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April 09, 2010

“Do your homework before saying ‘I do’”

Michael L. Fine makes a very compelling point that marriage complicates your taxes in his commentary, “Do your homework before saying ‘I do’”, DC Agenda, April 08, 2010.

The willful failure of the federal government to recognize same-sex married couples, and thereby denying us access to more than 1000 rights and responsibilities mostly related to taxes, is the culprit. This will continue until the Defense of Marriage Act is repealed. Unfortunately, that is unlikely to happen soon.

Mr. Fine writes:

“The problems we encounter are both D.C.- and IRS-related. Once you are either registered as domestic partners or legally married you must start preparing your D.C. taxes together with your partner or spouse. Your options no longer include filing as “single” for two very good reasons. Your spouse will be upset that you are telling people you are “single” and the D.C. government is going to be equally upset because you will be in violation of the District tax laws.”
This is not quite right. The D.C. Government will recognize that you are married, but let you use the same tax filing status that you used on your federal forms. Same-sex married couples must file as single on their federal taxes; however, they may file as either married or single on D.C. forms. This is not case for opposite-sex married couples. Those couples must have the same D.C. filing status as they use on their federal forms, either married filing singly, or married filing jointly.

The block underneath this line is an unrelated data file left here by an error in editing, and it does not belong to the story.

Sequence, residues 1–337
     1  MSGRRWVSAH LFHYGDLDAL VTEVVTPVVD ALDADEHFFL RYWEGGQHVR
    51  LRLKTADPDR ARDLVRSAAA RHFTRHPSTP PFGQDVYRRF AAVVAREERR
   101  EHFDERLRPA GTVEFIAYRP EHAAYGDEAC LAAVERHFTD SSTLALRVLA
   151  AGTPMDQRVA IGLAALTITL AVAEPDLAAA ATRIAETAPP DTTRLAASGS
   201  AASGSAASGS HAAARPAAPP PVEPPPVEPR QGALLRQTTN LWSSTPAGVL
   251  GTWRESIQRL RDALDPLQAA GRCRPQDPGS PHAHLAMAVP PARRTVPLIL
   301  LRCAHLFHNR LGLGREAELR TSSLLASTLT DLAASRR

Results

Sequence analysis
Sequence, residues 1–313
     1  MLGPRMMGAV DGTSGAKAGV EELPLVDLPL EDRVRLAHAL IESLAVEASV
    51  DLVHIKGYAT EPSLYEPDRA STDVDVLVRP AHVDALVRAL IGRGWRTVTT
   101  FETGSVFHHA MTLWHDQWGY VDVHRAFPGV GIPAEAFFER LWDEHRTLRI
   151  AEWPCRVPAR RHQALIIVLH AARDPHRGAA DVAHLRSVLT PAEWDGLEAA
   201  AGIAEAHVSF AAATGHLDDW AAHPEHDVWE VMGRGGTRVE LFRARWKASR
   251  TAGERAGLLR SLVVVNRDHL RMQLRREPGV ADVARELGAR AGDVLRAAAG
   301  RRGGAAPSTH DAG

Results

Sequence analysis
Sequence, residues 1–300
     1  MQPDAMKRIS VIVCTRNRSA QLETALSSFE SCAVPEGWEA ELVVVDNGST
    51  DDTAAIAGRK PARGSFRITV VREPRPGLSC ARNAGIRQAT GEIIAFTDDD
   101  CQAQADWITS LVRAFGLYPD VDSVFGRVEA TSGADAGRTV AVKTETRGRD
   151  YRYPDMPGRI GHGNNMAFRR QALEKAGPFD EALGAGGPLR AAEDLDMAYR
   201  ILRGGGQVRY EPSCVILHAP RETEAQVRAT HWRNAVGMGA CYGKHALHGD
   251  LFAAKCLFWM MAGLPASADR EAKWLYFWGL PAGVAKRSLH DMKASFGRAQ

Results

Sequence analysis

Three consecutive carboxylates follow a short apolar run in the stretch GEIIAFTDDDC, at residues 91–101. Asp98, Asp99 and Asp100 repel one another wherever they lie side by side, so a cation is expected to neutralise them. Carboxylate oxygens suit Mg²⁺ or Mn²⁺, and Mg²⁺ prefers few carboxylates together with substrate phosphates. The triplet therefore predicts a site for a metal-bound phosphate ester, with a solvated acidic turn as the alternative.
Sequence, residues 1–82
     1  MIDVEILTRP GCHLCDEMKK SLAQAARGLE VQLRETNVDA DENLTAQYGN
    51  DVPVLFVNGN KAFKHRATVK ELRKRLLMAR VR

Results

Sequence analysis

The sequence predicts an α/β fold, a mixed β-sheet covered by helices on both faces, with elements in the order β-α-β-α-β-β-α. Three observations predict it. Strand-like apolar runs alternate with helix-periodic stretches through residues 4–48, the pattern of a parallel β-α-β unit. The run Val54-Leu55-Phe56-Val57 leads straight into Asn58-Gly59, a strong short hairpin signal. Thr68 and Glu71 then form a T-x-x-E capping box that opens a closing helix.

When the Religious Freedom and Civil Marriage Equality Amendment Act went into effect on March 3, a second marriage bill also quietly went into effect. The second law, the “Income Tax Joint Filing Clarification Act of 2009”, added a new paragraph to the tax code (Section 47-1805.01):

“(g) Joint filing of returns for married same-sex individuals. – Married same-sex individuals may file either a joint return or separate returns on a combined form prescribed by the Mayor as if the federal government recognized the right of married same-sex individuals to file jointly.”.

This is similar to the law for domestic partners.

Without the “Income Tax Joint Filing Clarification Act of 2009,” same-sex married couples would not be able to file their taxes jointly at all. D.C. normally requires you to use the same tax filing status that you used on your federal forms. I was the only member of the public to submit testimony on this bill. I was home with pneumonia when Councilmember Jack Evans held a hearing or I would have gone in person. I had earlier asked Councilmember Jack Evans if he would introduce it. He did so with David Catania, Jim Graham, and Phil Mendelson. Every member of the Council voted for it on the consent agenda, even the two Councilmembers who voted against the marriage equality bill. It received no notice in the press so it is understandable that even professionals would not have noticed it. It isn’t even part of the online D.C. Code yet.

In short, the option is yours. You will have to do more paperwork to file jointly, as you must supply D.C. with your federal taxes forms as if you could file jointly. Filing jointly is symbolically good and good for the soul, but it may cost you. Depending on your particular situation, you might pay more taxes jointly. You also might pay less. You should definitely do your homework, and probably hire a professional.


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"Single" and "Married filing separately on the same return" are two very different filing statuses. Once married and while married, "Single" is no longer an option when filing a DC tax return for ANY married couple, same or opposite sex. - Mike Fine

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